Letters To The Editor

July 18, 2005

Pray for end to fanaticism and violence

As a moderate liberal, I often find myself in disagreement with Cal Thomas, but his column "Terrorism's root causes" (Opinion * Commentary, July 13) was right on the mark.

We keep talking about international terrorism as if it were the end rather than the means to an end.

In fact, our enemy is not terrorism but radical Islamic fundamentalism.

This variety of Islamic fundamentalism has morphed into an international movement that turns conventional morality - both Islamic and non-Islamic - on its head.

Blowing up innocent people is the means radical fundamentalists use to spread this movement, and it seems to be working. Terror appears to be a recruitment tool for at least some very confused and angry Muslims, who blame the West for a wide variety of sins.

One has to wonder when this curse of religious fanaticism will finally die out, or if it ever will.

Religion has the capacity to bring great good to mankind, but it can also create people who strap bombs on themselves and kill for their beliefs. When will we awake from this insanity?

Decent people understand their religion properly and don't use it as a pretext for murder. I just wish there were many more of them and fewer fanatics.

Maybe that is something we should all pray for.

Michael Cast

Edgewood

Muslim leaders must reject terror

I rarely find myself agreeing with Cal Thomas, but his column "Terrorism's root causes" (Opinion * Commentary, July 13) was painfully on point.

It's about time for Muslims living here and abroad to openly, loudly and frequently repudiate terror on behalf of the Quran.

But where is their outrage? Can you imagine leaders of other religions remaining quiet if members of their flocks planned, perpetrated and reveled in the death and destruction resulting from the horrific crimes the world has witnessed in the last few years?

They would be subjected to the harshest criticism.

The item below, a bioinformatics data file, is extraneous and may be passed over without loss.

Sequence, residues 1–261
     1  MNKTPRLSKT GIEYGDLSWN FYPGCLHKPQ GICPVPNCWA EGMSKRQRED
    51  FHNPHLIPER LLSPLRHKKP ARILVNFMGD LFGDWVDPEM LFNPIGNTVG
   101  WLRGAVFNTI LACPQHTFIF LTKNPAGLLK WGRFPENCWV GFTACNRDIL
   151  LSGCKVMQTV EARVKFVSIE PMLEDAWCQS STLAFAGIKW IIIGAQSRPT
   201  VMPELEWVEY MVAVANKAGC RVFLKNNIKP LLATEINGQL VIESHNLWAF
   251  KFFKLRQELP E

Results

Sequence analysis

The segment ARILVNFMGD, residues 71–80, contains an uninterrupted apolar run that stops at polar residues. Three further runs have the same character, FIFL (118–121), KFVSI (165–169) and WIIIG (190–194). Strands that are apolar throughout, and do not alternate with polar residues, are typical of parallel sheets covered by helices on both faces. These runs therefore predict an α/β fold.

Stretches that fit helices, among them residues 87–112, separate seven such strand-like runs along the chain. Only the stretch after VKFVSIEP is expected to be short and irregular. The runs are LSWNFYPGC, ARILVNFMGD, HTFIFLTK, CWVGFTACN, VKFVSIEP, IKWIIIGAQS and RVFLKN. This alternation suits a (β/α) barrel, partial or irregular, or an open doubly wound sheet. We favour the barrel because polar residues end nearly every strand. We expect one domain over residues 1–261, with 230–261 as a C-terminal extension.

Is there a guarantee that standing up for decency and denouncing the terrorists who are hiding behind and sullying Islam would deter terror? Of course not.

But America and the world need to hear an outcry from responsible Muslim leaders.

That cry needs to be heard now.

Stefan N. Miller

Baltimore

City Council is right to doubt hotel plan

Could it possibly be that the City Council actually will have the guts to stand up to Mayor Martin O'Malley and the Baltimore Development Corp. ("Hotel plan presents puzzle for council," July 14)?

The mayor says that the hotels are full all around the city. If that were true, the developers would be falling all over themselves to cash in by building a new hotel. So something must be wrong with this deal.

Do we need an anchor hotel? Yes.

Should the citizens of Baltimore foot the bill? No.

It is not often that this City Council shows signs of intelligence or insight. But I think its members are on the mark in doubting this hotel proposal and should vote against it.

C. D. Wilmer

Baltimore

Hotel is bad deal for city taxpayers

As a city resident who pays a lot of money in taxes, I'm relieved to see the City Council finally standing up for itself ("Hotel plan presents puzzle for council," July 14).

The city-financed hotel deal is a bad deal for Baltimore. There are no guarantees the market would act the way the Baltimore Development Corp. (BDC) predicts it will.

But one could say with much confidence that our tax dollars would have a positive effect on schools, transportation, jobs and city services if they were spent for those purposes.

The City Council has a responsibility to its constituents. On July 27, it should represent the taxpayers in the city and send this deal back to the BDC.

Approving this hotel deal would only signify that the City Council continues to be a rubber stamp for the mayor.

Aimee Darrow

Baltimore

Spend money to save convention center

The City Council must approve the city's construction of the convention hotel ("Hotel plan presents puzzle for council," July 14).

As a taxpayer, I contributed to the construction of the Baltimore Convention Center. For the city to fail now to finance the proposed adjoining convention hotel would allow the convention center to continue to be a white elephant and a waste of my tax money.

Former Mayor Kurt L. Schmoke made a serious error when he had the city, and taxpayers like me, help finance hotels on the east side of the harbor, far from the convention center.

Now we will just have to bite the bullet and make up for Mr. Schmoke's grievous error. We can't afford to lose millions of convention dollars to other areas.

Remember, we city taxpayers are also state taxpayers, and together we built the convention center.

I urge the City Council not to be responsible for throwing that tax money down a rathole.

Harry E. Bennett Jr.

Baltimore

Comfortable clothes ease airport delays

I'm sorry that Susan Reimer is so disappointed in the "sloppy" clothing of airline passengers. I prefer to think of them as comfortably dressed ("Flying the friendly skies with slobs," July 12).

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